Black Americans in the Deep South are often unjustly denied emergency disaster relief
Washington, D.C. –– U.S. Senators Jon Ossoff (D-GA) and Tim Scott (R-SC) are leading a bipartisan push to reform Federal policies that discriminate against Black victims of natural disasters.
In a letter to U.S. Homeland Security Secretary Alejandro Mayorkas, Sens. Ossoff and Scott called for reform of Federal Emergency Management Agency (FEMA) policies to ensure Black Americans are not unjustly denied disaster relief.
Sens. Ossoff and Scott wrote, “[We] urge you to direct FEMA to review and revise its regulations for individual assistance to account for the fact that current documentation requirements can create impassable barriers that disproportionately impact Black property owners and disaster victims.”
Sens. Ossoff and Scott cited recent reporting by The Washington Post detailing how FEMA’s regulations and procedures have historically discriminated against Black property owners, leading to generations of poverty and wealth inequality.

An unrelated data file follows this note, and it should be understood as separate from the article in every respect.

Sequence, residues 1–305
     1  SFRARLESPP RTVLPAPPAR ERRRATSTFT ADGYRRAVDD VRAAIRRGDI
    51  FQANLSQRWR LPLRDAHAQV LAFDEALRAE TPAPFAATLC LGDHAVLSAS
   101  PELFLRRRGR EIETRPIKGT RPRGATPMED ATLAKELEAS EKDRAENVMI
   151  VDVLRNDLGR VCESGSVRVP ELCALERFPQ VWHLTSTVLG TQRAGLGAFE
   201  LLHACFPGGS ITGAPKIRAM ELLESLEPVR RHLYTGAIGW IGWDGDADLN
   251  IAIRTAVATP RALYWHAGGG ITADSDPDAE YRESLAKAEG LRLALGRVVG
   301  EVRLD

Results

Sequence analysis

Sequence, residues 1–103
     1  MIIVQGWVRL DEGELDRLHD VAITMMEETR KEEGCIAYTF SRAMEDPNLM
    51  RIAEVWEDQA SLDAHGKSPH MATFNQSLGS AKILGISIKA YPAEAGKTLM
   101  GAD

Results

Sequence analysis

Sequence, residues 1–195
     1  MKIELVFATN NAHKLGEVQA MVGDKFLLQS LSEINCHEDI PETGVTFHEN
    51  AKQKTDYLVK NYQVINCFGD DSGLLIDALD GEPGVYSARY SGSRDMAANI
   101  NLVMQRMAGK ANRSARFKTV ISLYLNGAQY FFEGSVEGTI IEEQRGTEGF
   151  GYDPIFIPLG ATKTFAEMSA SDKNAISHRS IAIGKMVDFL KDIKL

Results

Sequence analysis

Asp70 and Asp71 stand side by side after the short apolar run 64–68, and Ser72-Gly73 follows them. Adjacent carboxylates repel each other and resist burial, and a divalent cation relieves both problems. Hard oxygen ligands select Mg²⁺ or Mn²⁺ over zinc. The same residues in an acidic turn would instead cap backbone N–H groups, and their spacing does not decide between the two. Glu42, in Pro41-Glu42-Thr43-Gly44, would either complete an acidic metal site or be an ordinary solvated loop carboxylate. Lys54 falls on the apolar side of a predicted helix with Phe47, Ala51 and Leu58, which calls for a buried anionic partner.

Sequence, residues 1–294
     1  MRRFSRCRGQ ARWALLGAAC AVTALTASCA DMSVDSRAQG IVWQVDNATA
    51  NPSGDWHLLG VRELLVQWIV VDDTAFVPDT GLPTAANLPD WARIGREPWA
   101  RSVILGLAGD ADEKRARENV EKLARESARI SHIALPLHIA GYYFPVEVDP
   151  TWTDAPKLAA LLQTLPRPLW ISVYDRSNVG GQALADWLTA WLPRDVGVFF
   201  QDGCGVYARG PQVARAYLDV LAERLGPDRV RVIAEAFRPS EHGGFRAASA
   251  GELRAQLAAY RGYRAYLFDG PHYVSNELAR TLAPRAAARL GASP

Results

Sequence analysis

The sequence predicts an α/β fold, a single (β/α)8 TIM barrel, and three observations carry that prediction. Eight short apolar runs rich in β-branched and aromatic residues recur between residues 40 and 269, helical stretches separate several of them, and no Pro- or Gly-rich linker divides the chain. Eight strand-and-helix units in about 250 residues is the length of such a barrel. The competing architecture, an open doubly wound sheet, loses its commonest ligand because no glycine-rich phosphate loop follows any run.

Due to historic discrimination, especially in the South, Black victims of natural disasters are at times unable to demonstrate clear title to property they have inherited or currently own and are then unjustly ruled ineligible for disaster assistance.
Reporting found that “more than a third of Black-owned land in the South is passed down informally, rather than through deeds and wills … When land is handed down like this, it becomes heirs’ property, a form of ownership in which families hold property collectively, without clear title.”
This makes it harder to apply for FEMA individual assistance after disasters, as homeowners unable to prove clear title of property are often denied the economic relief.
“[We are] deeply concerned that current regulations and procedures have a disproportionate negative impact on Black property owners, who due to historic discrimination, especially in the South, are at times unable to demonstrate clear title to property which they have inherited and do indeed own, and who therefore are ruled ineligible for disaster assistance which they need and should rightly receive,” the Senators wrote in their letter.
Please find a copy of the letter here.
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